Tropp: When the Ethisphere began publishing this list, I made it a goal to get on there because I knew we were the kind of company to get on there. We’re very unique. There’s probably only a handful of the Fortune 100 companies where the ethics person is not a lawyer. I studied ethics and philosophy at University of Chicago. We have 13,000 employees, and we can get each of them to focus on the environment and do simple things like making sure the cups (our cafeterias) serve coffee and tea in are rain forest-alliance certified. It doesn’t cost any more.

Q: What are the benefits of good business ethics?

Werhane: You’re able to employ the really top-notch people if you can just keep your nose clean. It makes a huge difference in morale and to customers. As customers, we could be much better at punishing companies for bad ethics, saying, for instance, I don’t need to invest my money with a firm that doesn’t (practice good ethics). Vanguard and BlackRock keep pretty clean. They’re not perfect. There is no perfect company and no perfect human being. It’s when you see the repeat repeat repeat of companies in the news.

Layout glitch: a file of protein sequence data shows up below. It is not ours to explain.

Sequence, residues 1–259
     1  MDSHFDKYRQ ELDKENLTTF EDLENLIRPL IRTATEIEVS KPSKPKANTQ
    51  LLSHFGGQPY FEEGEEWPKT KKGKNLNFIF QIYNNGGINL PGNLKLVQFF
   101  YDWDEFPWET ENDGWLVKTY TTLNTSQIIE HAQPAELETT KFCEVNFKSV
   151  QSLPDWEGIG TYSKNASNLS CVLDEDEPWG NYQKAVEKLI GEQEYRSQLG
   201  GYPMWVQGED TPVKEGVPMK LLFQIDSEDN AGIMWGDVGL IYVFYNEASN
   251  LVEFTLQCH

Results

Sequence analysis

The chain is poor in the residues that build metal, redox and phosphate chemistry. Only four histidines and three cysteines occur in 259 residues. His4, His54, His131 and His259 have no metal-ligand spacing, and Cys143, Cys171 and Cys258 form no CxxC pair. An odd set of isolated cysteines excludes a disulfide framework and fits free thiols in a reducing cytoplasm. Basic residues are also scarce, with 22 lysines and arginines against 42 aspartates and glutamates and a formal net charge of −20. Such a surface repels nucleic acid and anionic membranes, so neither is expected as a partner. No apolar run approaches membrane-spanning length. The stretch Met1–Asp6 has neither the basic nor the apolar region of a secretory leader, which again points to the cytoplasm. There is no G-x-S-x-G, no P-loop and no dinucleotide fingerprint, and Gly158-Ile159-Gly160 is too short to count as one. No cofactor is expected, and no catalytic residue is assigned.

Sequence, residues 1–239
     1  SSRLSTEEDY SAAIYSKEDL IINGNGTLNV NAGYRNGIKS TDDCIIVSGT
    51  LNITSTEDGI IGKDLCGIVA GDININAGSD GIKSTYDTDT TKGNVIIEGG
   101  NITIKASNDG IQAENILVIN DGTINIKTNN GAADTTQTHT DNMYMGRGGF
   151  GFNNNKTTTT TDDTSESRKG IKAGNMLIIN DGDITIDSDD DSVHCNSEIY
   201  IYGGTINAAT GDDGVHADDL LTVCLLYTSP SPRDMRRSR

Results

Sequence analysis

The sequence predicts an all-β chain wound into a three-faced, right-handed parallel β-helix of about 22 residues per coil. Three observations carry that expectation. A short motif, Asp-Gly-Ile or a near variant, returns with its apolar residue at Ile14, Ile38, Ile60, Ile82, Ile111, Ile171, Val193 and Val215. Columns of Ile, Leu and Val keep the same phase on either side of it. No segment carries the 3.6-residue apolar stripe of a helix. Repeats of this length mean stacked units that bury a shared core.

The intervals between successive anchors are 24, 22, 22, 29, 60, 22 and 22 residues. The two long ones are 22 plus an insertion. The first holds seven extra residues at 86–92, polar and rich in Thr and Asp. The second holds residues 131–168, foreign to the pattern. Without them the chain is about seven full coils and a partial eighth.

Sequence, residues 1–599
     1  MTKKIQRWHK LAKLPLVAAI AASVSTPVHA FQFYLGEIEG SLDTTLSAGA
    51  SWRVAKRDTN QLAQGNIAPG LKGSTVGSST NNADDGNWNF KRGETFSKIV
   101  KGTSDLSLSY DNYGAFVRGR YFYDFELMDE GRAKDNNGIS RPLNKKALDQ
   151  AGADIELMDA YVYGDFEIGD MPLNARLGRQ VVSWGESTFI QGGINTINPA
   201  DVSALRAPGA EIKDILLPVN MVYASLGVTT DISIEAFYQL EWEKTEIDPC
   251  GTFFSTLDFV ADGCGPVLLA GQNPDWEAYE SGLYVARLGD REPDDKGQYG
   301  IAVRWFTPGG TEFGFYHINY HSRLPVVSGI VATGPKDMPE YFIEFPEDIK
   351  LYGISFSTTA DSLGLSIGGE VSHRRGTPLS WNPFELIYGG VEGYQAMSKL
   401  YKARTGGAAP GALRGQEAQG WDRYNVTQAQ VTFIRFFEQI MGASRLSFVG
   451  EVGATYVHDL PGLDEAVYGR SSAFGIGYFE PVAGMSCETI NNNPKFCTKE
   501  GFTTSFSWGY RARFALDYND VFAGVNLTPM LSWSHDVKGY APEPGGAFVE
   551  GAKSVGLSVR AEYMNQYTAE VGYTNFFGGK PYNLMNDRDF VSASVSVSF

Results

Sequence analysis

Tropp: People want to do business with you. It has a positive impact on our bottom line. Like Immanuel Kant said: It doesn’t matter what the results are, it’s about the motive.

Q: Do you have an example of a situation when your company was faced with an ethical dilemma?

Tropp: Eight years ago, we opened a processing center in India. Many of our employees felt it was unethical to send jobs to India. They confronted me with that on my office visit. It was a challenge to explain what we really had in mind and the difference was we weren’t sending jobs, we were sending work to India. We had to explain it was necessary to do that to keep expenses in line and free up time for professional staff to do processing work. It was something I encountered early in my travels. Pat Gallagher responded immediately when I brought that back. I would say that today, (from a not-yet-released survey) about 85-90 percent of employees think that decision was a good one.

Q: Can companies maintain good ethics and still compete?

Werhane: It’s so easy to make money in this country, compared to other countries, and there’s no need to be unethical. It gets you in the news.

Take the subprime mortgage crisis. You could make a very good living selling mortgages. You don’t have to lie. You can sell those to people who are lower income if they know what they’re doing.

Source: chicagotribune

Annual revenue for NiSource (NI) in 2011 including electric, gas, water and other revenue, was $6.0 billion, compared with its 2010 annual revenue of $6.4 billion. Its 52-week stock range is $17.95 and $24.73 per share. The stock closed at $23.92 Friday.

Annual revenue for Arthur J. Gallagher (AJG) in 2011 was $2.1 billion compared to $1.9 billion in 2010. Its 52-week stock range is $24.29 and $36.33 per share. Friday’s close was $34.89.